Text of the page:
"For the betterment of Science"

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Re: PICTURES, SCORES, VIDEOS!!

Post by jgrischow1 » February 19th, 2020, 5:55 pm

dholdgreve wrote:
February 19th, 2020, 7:59 am
sneepity wrote:
February 18th, 2020, 8:26 pm
what is your guys´ opinion on a x-bracing on the top? I put a singular x-bracing on top of the tension members, and its like long and extends from the start to the end of the tension members.
Tension members should never require X bracing... only compression members. X braces as used to resist buckling created from excess compressive forces. In fact, we actually brace off of our tension members to help resist the buckling forces on the compression beams.
Awhile ago, maybe back in the 13-14 rotation, someone, possibly Len, mentioned it was more efficient to have rectangular cross section compression beams (i.e. "taller" than they were wide) rather than brace vertically to protect against vertical buckling. Do you disagree?

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Re: PICTURES, SCORES, VIDEOS!!

Post by MadCow2357 » February 19th, 2020, 6:41 pm

jgrischow1 wrote:
February 19th, 2020, 5:55 pm
dholdgreve wrote:
February 19th, 2020, 7:59 am
sneepity wrote:
February 18th, 2020, 8:26 pm
what is your guys´ opinion on a x-bracing on the top? I put a singular x-bracing on top of the tension members, and its like long and extends from the start to the end of the tension members.
Tension members should never require X bracing... only compression members. X braces as used to resist buckling created from excess compressive forces. In fact, we actually brace off of our tension members to help resist the buckling forces on the compression beams.
Awhile ago, maybe back in the 13-14 rotation, someone, possibly Len, mentioned it was more efficient to have rectangular cross section compression beams (i.e. "taller" than they were wide) rather than brace vertically to protect against vertical buckling. Do you disagree?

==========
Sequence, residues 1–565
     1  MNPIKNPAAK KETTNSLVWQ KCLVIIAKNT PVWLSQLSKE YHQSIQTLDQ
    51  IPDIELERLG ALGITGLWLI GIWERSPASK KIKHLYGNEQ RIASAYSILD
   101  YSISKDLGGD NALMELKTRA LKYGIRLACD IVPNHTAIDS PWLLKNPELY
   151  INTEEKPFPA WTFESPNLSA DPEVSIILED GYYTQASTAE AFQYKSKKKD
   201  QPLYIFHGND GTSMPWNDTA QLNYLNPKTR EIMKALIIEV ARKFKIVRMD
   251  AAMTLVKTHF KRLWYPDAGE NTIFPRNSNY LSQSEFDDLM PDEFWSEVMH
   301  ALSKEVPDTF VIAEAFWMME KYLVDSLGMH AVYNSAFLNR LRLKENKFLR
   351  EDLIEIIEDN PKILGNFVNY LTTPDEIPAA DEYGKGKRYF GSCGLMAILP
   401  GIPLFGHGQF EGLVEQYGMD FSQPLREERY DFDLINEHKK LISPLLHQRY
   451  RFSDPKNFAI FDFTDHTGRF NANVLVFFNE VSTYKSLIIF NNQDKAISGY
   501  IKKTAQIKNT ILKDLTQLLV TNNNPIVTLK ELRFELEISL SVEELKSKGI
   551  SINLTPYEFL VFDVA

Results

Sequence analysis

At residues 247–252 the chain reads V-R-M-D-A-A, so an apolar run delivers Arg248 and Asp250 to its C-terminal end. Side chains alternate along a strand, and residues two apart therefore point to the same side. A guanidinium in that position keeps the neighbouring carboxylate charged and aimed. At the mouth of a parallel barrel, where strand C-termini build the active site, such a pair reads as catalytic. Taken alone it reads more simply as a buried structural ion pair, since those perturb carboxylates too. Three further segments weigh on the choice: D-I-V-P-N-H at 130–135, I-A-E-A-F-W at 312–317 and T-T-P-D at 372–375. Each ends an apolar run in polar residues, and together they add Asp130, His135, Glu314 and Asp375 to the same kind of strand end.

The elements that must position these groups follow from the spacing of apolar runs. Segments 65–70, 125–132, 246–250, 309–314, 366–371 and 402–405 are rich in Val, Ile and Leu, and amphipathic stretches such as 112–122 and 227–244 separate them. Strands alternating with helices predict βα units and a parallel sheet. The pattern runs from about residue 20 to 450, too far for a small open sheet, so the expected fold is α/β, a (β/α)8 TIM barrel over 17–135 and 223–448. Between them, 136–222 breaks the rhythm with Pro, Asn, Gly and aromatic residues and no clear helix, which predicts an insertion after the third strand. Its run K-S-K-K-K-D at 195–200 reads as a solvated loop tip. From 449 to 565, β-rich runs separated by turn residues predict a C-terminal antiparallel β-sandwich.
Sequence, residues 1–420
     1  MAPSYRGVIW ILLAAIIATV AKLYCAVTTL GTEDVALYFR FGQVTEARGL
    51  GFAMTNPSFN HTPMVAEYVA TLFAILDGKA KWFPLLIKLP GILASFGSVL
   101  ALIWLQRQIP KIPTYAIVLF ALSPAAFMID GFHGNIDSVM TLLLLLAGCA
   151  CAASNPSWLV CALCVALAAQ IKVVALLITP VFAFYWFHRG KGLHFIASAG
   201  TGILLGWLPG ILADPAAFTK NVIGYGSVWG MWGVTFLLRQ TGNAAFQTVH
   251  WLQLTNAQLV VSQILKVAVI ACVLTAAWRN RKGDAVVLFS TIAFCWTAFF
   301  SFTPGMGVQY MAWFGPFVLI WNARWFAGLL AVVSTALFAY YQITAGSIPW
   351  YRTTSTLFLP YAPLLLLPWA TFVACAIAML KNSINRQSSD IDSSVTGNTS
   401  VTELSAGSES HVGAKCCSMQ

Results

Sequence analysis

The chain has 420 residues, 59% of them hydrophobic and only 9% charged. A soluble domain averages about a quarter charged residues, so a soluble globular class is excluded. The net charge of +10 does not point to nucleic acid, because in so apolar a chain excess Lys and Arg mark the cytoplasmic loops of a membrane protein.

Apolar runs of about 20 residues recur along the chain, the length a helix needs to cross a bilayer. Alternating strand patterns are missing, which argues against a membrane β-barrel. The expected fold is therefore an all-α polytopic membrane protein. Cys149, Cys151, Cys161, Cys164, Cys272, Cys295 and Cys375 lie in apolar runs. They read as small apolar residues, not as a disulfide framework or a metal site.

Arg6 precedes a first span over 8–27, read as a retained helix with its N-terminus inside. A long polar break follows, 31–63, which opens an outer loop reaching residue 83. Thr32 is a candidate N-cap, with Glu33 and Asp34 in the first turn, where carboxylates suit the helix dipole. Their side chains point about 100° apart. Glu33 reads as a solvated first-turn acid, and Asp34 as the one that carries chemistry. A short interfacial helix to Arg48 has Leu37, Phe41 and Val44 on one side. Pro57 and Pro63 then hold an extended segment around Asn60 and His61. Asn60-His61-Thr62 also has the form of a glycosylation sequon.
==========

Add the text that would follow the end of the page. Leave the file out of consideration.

Not dholdgreve, but I believe it depends on your design. For tower chimney booms, it'd be hard to attach vertical bracing at all. Tension booms allow this possibility, but building around the Contact Width Lines makes it difficult to attach vertical bracing in general this year without having the angles be weird and stuff. If Len was still here (bless his soul and rest in peace <3 ), I think he'd emphasize taller compression beams over vertical bracing even more than previous years. However, I'd be extremely interested in his scientific opinion on standard tension booms vs chimney booms.

Wish he was still here to guide us :cry:
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Re: PICTURES, SCORES, VIDEOS!!

Post by dholdgreve » February 20th, 2020, 7:27 am

jgrischow1 wrote:
February 19th, 2020, 5:55 pm
dholdgreve wrote:
February 19th, 2020, 7:59 am
sneepity wrote:
February 18th, 2020, 8:26 pm
what is your guys´ opinion on a x-bracing on the top? I put a singular x-bracing on top of the tension members, and its like long and extends from the start to the end of the tension members.
Tension members should never require X bracing... only compression members. X braces as used to resist buckling created from excess compressive forces. In fact, we actually brace off of our tension members to help resist the buckling forces on the compression beams.
Awhile ago, maybe back in the 13-14 rotation, someone, possibly Len, mentioned it was more efficient to have rectangular cross section compression beams (i.e. "taller" than they were wide) rather than brace vertically to protect against vertical buckling. Do you disagree?